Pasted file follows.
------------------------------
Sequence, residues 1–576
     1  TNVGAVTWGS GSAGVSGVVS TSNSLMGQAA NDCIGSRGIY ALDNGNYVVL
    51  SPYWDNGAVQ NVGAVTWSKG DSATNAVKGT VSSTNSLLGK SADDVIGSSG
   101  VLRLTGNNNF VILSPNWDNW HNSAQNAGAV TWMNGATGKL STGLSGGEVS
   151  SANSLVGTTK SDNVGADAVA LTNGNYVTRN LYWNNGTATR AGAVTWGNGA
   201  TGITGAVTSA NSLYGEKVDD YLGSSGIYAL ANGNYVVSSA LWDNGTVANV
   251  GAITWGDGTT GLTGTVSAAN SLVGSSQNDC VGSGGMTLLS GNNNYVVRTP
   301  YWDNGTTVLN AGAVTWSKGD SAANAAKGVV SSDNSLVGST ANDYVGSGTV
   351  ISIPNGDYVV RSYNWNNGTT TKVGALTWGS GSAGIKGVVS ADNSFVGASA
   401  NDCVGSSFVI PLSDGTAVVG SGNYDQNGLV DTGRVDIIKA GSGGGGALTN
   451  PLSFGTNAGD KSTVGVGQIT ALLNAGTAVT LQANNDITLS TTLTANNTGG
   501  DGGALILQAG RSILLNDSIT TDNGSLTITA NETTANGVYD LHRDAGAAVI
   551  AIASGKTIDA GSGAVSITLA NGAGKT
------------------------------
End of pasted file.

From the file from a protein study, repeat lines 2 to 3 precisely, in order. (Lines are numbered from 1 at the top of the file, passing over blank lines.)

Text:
     1  TNVGAVTWGS GSAGVSGVVS TSNSLMGQAA NDCIGSRGIY ALDNGNYVVL
    51  SPYWDNGAVQ NVGAVTWSKG DSATNAVKGT VSSTNSLLGK SADDVIGSSG